Play written by Tennessee Williams
The stereotypical situation is the parents complaining about how their children take for granted those things that the parents had to do without when they were children. Usually, this involves some theme about sacrifice and making good choices. As a child and a parent, I can’t claim that I’ve been immune to the expectation.
In a sense, a cultural analogy also exists, perhaps without the overriding moral lecture. We don’t quite comprehend a world in which certain works of art never existed. What did the world listen to before rock and roll? Is it possible to grasp the influence of disco and European electronic music (say, like Giorgio Moroder) on current music if you didn’t live through the eras when those styles were ascendant?
For that matter, we don’t really grasp the impact of technology that was omnipresent at our birth. How many people understand the consideration that went onto dragging yourself off the sofa to change the television channel or the record on the turntable? You ended up watching that next crappy show or listening to that filler song on the LP because it was just too much effort to do otherwise.
All art forms arrive on the lives of newborns like avalanches. They started somewhere distant and out of sight, arriving with boulders and pebbles that look solid and feel impenetrable. Moreover, they all originated in a time out of mind.
I cannot truly imagine a world without Benny Goodman, Jane Austen, Michelangelo, Bach, Dante or Picasso. The same can be said of Tennessee Williams. One measure of how large a boulder an artist was (to carry an analogy too far) is whether or not you became familiar with their work before you became familiar with them. For instance, did you know her rhymes or did you know Mother Goose first?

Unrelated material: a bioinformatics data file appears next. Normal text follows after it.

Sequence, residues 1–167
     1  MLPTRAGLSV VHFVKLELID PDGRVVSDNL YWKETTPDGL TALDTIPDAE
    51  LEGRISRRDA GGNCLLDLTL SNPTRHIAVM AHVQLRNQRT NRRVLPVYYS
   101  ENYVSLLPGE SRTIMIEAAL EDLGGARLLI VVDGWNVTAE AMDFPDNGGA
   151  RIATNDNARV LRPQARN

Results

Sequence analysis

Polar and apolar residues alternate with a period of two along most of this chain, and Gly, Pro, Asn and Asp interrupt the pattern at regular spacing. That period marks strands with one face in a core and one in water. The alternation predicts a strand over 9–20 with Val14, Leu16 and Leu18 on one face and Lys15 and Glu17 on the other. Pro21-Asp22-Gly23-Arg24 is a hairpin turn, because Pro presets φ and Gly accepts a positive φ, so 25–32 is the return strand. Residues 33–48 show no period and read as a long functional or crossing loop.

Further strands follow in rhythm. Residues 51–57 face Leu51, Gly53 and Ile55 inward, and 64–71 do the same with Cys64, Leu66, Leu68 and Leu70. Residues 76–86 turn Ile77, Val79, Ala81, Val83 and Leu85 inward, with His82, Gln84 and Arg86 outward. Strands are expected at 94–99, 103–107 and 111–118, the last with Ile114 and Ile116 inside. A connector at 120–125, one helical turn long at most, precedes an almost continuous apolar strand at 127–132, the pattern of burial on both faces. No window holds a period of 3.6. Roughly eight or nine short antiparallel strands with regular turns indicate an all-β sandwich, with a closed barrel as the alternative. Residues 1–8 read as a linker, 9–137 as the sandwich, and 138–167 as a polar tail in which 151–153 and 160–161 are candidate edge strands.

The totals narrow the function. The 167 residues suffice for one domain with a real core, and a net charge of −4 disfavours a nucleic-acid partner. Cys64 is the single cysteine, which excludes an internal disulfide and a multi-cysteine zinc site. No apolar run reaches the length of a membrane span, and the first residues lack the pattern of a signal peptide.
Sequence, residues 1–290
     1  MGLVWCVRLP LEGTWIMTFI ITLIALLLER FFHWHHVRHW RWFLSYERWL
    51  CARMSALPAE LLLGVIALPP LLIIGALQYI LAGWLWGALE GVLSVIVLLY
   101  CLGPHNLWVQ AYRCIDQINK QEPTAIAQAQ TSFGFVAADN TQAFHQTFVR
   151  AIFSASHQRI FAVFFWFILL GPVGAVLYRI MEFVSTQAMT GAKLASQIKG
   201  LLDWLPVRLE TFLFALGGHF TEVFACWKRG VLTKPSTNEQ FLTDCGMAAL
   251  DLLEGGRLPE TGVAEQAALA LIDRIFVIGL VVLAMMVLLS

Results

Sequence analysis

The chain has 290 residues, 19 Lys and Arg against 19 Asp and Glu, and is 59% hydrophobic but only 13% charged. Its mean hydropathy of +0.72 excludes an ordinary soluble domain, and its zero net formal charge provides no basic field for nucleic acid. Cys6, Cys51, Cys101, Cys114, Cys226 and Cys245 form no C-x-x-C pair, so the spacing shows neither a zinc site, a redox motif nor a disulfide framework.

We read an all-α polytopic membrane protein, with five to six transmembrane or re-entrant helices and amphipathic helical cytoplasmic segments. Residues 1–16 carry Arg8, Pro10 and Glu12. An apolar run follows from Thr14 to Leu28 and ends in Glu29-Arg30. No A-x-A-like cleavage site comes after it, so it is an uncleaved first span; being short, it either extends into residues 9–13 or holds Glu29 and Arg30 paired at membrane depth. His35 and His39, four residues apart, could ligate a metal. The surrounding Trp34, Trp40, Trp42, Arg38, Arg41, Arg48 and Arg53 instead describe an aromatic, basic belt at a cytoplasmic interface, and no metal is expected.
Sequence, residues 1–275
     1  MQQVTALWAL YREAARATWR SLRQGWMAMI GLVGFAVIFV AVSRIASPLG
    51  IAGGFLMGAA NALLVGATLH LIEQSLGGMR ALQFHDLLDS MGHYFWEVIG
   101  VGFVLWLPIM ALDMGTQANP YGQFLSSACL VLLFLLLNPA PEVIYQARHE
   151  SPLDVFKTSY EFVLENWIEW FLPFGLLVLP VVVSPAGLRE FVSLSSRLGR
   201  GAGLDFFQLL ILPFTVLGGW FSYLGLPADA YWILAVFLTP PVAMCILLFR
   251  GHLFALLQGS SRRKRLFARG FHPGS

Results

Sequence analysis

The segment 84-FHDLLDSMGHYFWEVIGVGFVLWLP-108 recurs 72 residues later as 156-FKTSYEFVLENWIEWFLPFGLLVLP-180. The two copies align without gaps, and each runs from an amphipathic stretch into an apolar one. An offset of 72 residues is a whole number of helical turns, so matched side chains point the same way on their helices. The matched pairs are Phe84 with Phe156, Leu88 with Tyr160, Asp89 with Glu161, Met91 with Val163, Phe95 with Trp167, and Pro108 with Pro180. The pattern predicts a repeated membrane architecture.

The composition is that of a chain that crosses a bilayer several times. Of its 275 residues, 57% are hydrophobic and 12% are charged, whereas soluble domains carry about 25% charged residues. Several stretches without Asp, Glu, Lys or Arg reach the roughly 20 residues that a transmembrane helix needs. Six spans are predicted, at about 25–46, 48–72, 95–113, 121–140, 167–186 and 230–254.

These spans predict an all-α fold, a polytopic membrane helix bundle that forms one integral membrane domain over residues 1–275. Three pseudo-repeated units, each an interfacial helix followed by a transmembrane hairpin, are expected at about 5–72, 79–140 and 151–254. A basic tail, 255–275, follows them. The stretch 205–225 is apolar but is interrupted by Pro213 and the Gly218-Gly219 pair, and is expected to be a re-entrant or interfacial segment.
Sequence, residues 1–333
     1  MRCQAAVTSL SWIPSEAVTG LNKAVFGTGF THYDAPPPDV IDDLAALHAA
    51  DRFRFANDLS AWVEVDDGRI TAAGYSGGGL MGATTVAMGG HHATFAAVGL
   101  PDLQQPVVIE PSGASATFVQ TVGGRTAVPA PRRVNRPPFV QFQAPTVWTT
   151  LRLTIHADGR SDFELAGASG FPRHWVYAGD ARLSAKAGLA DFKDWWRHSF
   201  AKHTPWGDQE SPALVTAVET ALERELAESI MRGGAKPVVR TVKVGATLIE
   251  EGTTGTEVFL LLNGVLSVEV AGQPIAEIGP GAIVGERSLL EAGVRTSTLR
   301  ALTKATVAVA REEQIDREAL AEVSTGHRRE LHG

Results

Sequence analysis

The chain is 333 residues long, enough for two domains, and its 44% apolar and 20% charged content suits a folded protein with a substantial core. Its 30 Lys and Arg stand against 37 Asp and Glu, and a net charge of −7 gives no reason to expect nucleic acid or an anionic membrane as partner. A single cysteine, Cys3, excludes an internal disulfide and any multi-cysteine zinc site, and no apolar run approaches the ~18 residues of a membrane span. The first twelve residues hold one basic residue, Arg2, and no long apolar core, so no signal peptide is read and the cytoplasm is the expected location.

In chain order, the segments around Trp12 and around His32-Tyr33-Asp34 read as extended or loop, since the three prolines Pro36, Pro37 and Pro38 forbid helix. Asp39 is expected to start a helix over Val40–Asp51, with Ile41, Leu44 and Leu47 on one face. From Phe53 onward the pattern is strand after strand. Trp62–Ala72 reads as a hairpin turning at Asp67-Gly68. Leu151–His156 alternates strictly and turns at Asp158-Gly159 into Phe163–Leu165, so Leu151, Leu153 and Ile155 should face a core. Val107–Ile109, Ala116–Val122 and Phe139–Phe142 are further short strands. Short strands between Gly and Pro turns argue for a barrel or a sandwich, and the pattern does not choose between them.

I’ve had the privilege of seeing The Glass Menagerie as a youth as well as seeing its impact on young people of today. A Streetcar Named Desire bred one of our great films and helped cement the career of Marlon Brando. Add to that a list plays adapted to the screen with major casts as well as regular revivals by large and small companies.
Williams cornered the market on the struggle to find yourself through the torment of internal emotions balanced against external pressures. As with so many artists of note that come before us, he provided new grammar for expressing ourselves. Except– by the time I came along, that grammar felt set in stone. His best known work was so well-known that it had always existed. After all, we measure time from our own advent.
Imagine my pleasure to discover that Williams (like many, many other artists) did not view his work as sacrosanct- his path beyond wider exploration. Every now and then, someone revives his play, Camino Real, but that means that you have to read it first. I entertain the illusion that anyone who does actually stumble upon a copy and read the thing feels a sudden desire to see it staged. It’s experimental, which can be a death knell, but it is so in a Williams way with emotional depth and wry humor.
Something reassuring appears when you discover that Shakespeare also wrote Timon of Athens and Cymbeline. Wait, you mean he tried stuff? Really? If he didn’t think his work had to be enshrined in a dark closet at a university, perhaps it does actually have some relevance to now?
What’s it all about?
You’ve Got to Check This Out is a blog series about music, words, and all sorts of artistic matters. It started with an explanation. 76 more to go.
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